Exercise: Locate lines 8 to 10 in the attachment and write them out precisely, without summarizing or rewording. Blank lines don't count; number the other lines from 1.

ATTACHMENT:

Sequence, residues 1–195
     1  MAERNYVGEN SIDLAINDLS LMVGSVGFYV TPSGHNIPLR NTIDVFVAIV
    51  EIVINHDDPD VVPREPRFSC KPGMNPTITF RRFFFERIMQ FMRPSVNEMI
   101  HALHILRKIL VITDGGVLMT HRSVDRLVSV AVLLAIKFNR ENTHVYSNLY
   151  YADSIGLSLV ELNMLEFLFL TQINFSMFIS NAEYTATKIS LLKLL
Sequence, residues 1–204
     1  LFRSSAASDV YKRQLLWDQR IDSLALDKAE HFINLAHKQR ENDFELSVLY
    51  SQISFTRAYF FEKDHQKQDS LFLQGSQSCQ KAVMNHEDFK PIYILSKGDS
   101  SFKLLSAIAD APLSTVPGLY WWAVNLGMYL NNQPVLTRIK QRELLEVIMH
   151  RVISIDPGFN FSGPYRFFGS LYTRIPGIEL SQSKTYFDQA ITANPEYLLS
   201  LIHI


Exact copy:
    51  SQISFTRAYF FEKDHQKQDS LFLQGSQSCQ KAVMNHEDFK PIYILSKGDS
   101  SFKLLSAIAD APLSTVPGLY WWAVNLGMYL NNQPVLTRIK QRELLEVIMH
   151  RVISIDPGFN FSGPYRFFGS LYTRIPGIEL SQSKTYFDQA ITANPEYLLS